During the last decades, the perennial tussock grass Molinia caerulea has shown an increased abundance in European heathlands, most likely as a result of increased nitrogen deposition and altered management schemes. Because of its deciduous nature, Molinia produces large amounts of litter each year, which may affect the intensity and frequency of accidental fires in heathlands. These fires may influence plant population dynamics and heathland community organization through their effects on plant vital attributes and competitive interactions. In this study, fire-induced changes in competitive ability and invasiveness of Molinia through changes in biomass production, seed set and seed germination under both natural and laboratory conditions were investigated.We found that fire significantly increased aboveground biomass, seed set and germination of Molinia. Seed set was twice as high in burned compared to unburned heathland. Two years after fire, seedling densities in natural conditions were on average six times higher in burned than in unburned heathland, which resulted in increased abundance of Molinia after burning. The seed germination experiment indicated that seeds harvested from plants in burned heathland showed higher germination rates than those from unburned heathland. Hence, our results clearly demonstrate increased invasive spread of Molinia after large and intense fires. Active management guidelines are required to prevent further encroachment of Molinia and to lower the probability of large fires altering the heathland community in the future.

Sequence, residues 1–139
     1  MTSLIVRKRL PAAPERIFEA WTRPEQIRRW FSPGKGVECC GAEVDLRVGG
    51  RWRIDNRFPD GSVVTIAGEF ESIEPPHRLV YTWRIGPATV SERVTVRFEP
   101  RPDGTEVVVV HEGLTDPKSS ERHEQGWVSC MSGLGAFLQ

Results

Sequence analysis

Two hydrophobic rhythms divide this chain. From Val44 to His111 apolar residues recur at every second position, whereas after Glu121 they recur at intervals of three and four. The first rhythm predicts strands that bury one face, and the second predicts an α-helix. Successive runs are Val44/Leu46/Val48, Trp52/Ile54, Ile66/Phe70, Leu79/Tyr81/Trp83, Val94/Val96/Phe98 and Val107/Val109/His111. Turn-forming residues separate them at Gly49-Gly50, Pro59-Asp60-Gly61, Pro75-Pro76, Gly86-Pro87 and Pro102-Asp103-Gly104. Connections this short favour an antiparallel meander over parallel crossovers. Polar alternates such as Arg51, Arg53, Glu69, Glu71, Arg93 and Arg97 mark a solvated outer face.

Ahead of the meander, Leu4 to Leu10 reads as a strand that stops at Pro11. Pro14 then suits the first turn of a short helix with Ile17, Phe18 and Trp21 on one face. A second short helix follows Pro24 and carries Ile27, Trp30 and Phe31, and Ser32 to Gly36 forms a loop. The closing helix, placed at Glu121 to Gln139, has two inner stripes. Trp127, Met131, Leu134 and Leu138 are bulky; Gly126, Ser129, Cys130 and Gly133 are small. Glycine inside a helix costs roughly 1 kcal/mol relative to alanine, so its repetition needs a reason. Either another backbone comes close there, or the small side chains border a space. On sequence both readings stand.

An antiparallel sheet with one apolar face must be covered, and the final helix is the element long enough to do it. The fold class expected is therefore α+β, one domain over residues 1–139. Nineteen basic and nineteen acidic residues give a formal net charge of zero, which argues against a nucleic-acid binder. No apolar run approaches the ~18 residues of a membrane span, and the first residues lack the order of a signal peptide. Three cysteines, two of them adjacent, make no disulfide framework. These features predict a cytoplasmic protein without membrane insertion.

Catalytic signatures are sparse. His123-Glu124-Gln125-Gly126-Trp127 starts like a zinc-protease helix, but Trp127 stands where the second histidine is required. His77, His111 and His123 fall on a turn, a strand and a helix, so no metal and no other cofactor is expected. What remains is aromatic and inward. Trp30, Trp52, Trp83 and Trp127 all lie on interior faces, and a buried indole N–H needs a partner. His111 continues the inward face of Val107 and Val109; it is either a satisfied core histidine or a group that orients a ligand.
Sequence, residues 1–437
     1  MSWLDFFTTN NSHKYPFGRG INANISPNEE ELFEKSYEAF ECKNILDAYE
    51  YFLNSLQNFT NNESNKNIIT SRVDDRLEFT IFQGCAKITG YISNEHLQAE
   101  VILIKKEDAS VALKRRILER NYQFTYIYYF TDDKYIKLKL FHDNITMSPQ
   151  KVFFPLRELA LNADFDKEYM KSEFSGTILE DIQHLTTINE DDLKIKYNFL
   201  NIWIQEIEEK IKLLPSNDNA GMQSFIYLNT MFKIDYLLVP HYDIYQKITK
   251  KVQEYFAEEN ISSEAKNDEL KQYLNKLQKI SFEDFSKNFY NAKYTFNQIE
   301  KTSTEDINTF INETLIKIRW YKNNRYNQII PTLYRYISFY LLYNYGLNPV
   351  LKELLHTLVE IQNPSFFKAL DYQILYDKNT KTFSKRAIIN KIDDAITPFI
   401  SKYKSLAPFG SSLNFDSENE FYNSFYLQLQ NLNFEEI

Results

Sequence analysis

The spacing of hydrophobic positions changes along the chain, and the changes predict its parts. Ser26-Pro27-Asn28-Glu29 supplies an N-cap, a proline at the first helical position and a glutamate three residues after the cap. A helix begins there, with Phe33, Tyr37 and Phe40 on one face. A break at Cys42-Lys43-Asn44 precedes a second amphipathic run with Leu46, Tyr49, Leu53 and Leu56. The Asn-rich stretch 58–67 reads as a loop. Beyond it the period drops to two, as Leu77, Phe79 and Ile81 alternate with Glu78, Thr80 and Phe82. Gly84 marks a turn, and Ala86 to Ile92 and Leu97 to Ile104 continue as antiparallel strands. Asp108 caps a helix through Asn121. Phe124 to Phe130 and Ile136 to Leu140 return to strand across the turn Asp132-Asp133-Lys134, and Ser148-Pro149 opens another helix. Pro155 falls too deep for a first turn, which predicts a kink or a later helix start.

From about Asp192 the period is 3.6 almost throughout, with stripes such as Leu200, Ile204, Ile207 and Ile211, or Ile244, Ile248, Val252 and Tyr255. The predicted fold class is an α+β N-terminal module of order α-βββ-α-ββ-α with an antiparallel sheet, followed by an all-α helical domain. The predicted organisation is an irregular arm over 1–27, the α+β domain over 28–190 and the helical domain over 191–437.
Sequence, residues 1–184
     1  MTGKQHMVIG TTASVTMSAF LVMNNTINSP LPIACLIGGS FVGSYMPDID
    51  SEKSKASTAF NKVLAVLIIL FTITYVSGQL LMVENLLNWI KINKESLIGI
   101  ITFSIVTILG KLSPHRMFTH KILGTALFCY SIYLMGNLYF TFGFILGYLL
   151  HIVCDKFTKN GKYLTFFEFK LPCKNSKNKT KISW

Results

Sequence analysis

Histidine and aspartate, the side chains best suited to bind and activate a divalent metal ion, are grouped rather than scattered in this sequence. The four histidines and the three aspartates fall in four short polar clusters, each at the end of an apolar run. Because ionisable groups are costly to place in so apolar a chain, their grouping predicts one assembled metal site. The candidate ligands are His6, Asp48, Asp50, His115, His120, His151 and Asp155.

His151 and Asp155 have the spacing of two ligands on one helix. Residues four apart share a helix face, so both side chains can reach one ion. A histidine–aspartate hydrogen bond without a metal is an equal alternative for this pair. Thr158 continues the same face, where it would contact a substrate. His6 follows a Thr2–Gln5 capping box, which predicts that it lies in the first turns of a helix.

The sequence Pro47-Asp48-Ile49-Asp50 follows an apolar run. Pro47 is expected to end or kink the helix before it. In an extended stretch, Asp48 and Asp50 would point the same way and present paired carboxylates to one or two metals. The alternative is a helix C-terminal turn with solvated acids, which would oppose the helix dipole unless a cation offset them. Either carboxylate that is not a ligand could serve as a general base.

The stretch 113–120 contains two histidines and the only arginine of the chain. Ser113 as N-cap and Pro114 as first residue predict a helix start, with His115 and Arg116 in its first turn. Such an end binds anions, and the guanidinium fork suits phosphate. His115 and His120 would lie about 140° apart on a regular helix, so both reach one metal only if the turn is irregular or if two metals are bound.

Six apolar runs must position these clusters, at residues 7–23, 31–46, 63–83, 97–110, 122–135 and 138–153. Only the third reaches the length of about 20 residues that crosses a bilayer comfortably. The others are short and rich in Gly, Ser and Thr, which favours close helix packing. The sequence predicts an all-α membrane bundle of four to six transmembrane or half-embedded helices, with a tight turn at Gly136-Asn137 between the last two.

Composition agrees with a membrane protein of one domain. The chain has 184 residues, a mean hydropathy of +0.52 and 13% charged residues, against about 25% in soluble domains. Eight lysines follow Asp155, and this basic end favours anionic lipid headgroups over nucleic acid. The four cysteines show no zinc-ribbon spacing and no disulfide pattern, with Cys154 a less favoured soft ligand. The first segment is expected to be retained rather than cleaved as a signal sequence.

|Journal||Acta Oecologica (Montrouge)|
|Number of pages||7|
|Publication status||Published - 2005|
- Nature recovery
EWI Biomedical sciences
- grass family (Poaceae)